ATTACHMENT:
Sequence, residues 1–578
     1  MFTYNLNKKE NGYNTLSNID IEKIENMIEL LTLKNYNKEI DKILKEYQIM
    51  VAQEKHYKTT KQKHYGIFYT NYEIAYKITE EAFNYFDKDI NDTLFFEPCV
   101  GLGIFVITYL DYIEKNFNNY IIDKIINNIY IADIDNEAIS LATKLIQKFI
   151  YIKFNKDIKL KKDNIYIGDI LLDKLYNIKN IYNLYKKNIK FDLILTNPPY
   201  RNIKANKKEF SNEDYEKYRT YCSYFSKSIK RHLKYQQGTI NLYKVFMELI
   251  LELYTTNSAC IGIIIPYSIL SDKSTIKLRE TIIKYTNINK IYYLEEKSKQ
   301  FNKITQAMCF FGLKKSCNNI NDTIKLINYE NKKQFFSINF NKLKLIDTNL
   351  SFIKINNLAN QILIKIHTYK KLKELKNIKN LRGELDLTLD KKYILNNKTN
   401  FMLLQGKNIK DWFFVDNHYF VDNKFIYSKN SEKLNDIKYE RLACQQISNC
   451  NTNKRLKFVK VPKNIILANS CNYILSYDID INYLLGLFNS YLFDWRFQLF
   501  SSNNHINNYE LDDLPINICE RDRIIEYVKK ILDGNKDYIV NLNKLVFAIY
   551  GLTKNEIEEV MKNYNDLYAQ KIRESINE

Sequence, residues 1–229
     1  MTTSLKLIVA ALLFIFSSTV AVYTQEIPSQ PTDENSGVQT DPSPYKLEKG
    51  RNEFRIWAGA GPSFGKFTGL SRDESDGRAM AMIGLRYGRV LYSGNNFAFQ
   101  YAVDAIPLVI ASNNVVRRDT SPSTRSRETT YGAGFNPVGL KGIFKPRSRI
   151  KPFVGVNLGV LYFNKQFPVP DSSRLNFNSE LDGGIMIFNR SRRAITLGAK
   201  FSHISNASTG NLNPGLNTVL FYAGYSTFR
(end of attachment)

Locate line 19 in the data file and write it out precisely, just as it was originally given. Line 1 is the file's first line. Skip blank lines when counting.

   201  FSHISNASTG NLNPGLNTVL FYAGYSTFR